Jewish leaders here are in an uproar over a false report involving Holocaust survivors in a money-laundering scandal that has rocked the leadership of Germany’s leading conservative party.
In the scandal’s latest twist, a former Christian Democratic Party leader from the western state of Hesse said a secret account set up in the 1980s in Switzerland included millions of dollars bequeathed to the party by “grateful Holocaust survivors.”
Only hours after he had vigorously defended his story, former party Treasurer Casimir Wittgenstein admitted he had “lied to help the party.”
The story set off alarms among German Jewish leaders.
The statement is not only false, but it is “the biggest scandal in this scandal,” said Michel Friedman, a vice president of the Central Council of Jews in Germany and a member of the Christian Democrats.
Friedman, a Frankfurt attorney, called it “unbelievable and irresponsible” to add “such a story” to the “disastrous criminal act.”
“Telling the public that this is money” given “by Holocaust survivors” to the Christian Democrats is “the worst thing that has happened in this story.”
Friedman, who said an apology from Hesse Governor Roland Koch was in order, has called for action against the former head of the state of Hesse, Manfred Kanther, and the 83-year-old Wittgenstein, who in the 1980s allegedly transferred millions of money into foreign accounts and later withdrew it secretly.
Also lashing out at the party, Salomon Korn, president of the Jewish community of Frankfurt, told Radio Free Berlin on Monday that the words “Jewish money” had been used not simply by accident but because of “old prejudices.”
A day later, the head of the Christian Democrats, Wolfgang Schaeuble, apologized to Germany’s Jewish community on behalf of his party.
Friedman later said that he and Paul Spiegel, the newly elected leader of the nation’s Jewish community, felt Schaeuble’s apology was “better late than never.”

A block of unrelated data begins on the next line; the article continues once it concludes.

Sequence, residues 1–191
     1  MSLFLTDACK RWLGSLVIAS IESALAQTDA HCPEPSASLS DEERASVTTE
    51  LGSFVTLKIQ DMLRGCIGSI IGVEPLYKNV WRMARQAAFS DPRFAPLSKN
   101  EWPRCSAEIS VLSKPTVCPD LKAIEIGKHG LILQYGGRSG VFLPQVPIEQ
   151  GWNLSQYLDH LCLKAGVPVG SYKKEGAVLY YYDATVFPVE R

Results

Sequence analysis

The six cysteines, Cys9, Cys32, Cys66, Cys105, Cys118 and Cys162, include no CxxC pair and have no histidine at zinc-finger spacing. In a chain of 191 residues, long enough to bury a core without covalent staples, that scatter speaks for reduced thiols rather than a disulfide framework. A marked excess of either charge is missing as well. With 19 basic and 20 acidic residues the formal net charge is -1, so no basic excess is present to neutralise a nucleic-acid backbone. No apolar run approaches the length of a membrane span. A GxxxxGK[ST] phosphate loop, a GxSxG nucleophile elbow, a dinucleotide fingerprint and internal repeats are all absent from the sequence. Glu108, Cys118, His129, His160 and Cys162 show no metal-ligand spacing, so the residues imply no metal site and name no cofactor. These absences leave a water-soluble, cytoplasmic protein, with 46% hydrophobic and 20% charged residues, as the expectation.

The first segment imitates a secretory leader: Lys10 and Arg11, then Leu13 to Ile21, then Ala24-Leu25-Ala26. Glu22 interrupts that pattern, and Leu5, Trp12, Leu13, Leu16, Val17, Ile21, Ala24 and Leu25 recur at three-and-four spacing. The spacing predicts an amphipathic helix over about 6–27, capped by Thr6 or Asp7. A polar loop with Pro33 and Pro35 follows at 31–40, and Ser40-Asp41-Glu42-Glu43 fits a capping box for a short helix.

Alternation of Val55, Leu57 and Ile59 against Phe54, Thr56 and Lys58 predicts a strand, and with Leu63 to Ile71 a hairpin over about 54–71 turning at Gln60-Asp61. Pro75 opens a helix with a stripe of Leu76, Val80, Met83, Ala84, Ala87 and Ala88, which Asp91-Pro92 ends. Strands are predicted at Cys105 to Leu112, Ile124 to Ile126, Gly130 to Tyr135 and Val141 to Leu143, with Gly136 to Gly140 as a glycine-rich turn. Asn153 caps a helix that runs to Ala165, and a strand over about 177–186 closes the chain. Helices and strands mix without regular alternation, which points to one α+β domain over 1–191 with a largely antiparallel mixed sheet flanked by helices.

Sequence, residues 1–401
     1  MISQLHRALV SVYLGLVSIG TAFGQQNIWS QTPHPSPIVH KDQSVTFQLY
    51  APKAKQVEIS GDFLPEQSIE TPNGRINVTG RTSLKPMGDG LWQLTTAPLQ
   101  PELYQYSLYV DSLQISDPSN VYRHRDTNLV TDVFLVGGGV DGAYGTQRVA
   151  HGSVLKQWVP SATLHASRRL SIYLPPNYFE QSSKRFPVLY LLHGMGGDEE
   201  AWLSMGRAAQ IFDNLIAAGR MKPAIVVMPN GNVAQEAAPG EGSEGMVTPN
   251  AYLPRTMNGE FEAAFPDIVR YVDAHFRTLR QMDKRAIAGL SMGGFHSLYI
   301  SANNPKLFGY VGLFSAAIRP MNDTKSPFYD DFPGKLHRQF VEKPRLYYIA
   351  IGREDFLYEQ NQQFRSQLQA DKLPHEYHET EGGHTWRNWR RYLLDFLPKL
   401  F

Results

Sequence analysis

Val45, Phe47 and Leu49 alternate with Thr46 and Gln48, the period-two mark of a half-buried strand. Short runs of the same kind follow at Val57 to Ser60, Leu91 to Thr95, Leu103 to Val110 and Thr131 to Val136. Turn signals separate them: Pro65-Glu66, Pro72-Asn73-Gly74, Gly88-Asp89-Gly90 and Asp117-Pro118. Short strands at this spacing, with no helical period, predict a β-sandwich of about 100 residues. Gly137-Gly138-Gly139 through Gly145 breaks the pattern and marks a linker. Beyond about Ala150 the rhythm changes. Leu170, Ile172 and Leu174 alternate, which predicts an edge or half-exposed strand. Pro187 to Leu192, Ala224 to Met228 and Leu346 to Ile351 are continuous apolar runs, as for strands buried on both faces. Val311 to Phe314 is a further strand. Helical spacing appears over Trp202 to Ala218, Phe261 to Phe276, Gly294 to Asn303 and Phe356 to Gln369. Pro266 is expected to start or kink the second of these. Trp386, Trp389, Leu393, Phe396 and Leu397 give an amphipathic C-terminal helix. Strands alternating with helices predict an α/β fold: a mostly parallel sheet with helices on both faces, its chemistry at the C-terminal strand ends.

But he said this did not erase the shocking fact that such imagery could be used by a top party member as an excuse for money laundering.
Chancellor Gerhard Schroeder and other leading members of the Social Democratic Party have been calling for a revote in last year’s state election in Hesse, which the Christian Democrats won.
An investigation into possible fraud in Hesse was opened Monday.
Along with Wittgenstein, the investigation concerns tax adviser Horst Weyrauch, who allegedly played a role in private party accounts connected with former Chancellor Helmut Kohl.
Kohl has been under investigation since last month, when he admitted having received as much as $1 million in unreported campaign funds during his 16 years in power. Last week, Schaeuble, Kohl’s successor as party head, also admitted to taking undeclared campaign donations.
The resulting scandal has been described as the worst in Germany’s postwar history. On Tuesday, Kohl resigned as honorary leader of the Christian Democrats.
The Archive of the Jewish Telegraphic Agency includes articles published from 1923 to 2008. Archive stories reflect the journalistic standards and practices of the time they were published.